Perspectives on Minority Women in Higher Education

Perspectives on Minority Women in Higher Education

Perspectives on Minority Women in Higher Education

Perspectives on Minority Women in Higher Education

Synopsis

Ethnic minority women in America's education system often feel that they have "two strikes against them." This volume brings together contributions by African-American, Hispanic, and other scholars who discuss various issues surrounding academic minority women, their dilemmas, and the roles they create for their successors. Subjects include the need for sensitization to cultural differences and methods for dealing with subtle and overt discrimination. The contributors call for support and networking systems, and make suggestions for conflict resolution.

Excerpt

Lynne Brodie Welch

This book, Perspectives on Minority Women in Higher Education, was a direct result of the International Conferences for Women in Higher Education sponsored by the University of Texas at El Paso. As I listened to women who are ethnic minorities in the United States, I was struck by the commonalities in their themes. Clearly, they said, there was little in the literature that discussed minority women in higher education. in the following chapters, the authors will give insight into some of the roles, issues, and dilemmas of minority women in higher education. It is hoped that these commentaries and research results will increase understanding and stimulate further inquiry regarding women who are ethnic minorities in institutions of higher education.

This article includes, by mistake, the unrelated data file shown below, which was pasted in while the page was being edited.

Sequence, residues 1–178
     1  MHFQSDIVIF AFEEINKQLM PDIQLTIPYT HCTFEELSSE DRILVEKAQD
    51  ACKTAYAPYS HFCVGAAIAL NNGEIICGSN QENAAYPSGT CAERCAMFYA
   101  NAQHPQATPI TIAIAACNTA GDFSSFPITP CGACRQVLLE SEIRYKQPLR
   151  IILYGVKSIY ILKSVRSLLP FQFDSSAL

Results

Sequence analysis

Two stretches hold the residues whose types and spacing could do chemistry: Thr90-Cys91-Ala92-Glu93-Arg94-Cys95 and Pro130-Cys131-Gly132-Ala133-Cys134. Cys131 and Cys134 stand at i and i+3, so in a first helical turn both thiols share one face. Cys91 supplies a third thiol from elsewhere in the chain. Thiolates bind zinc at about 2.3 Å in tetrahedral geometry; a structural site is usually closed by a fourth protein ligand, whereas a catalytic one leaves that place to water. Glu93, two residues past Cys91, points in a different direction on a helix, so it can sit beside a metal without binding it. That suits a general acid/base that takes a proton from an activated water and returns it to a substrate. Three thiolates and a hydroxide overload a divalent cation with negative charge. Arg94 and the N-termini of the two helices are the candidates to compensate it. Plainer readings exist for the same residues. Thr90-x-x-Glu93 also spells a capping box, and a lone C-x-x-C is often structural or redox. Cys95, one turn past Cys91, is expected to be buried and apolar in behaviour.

The authors repeatedly remark that few ethnic minority women can be found in higher education. They suggest that the campus climates are not friendly to them. Several mention that because they are both female and a member of an ethnic minority group, they have two strikes against them. Subtle and not-so-subtle discrimination against ethnic minority women is identified. Some of the authors suggest remedies to this discrimination by confronting it and educating others regarding nondiscriminatory modes of functioning.

An issue of concern to many of the authors in this book was the need . . .

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